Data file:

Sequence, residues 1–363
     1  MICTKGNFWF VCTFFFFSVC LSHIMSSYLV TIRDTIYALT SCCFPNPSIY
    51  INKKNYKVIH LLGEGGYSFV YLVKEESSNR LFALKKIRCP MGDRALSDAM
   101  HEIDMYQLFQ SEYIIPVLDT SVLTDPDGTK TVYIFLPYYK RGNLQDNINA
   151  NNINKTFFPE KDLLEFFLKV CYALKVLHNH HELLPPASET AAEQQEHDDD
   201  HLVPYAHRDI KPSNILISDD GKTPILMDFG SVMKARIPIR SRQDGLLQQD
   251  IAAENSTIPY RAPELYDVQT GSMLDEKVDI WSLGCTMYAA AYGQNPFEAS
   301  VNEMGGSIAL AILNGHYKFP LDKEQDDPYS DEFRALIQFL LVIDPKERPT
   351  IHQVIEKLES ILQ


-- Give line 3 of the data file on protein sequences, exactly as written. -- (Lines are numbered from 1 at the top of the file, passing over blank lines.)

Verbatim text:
    51  INKKNYKVIH LLGEGGYSFV YLVKEESSNR LFALKKIRCP MGDRALSDAM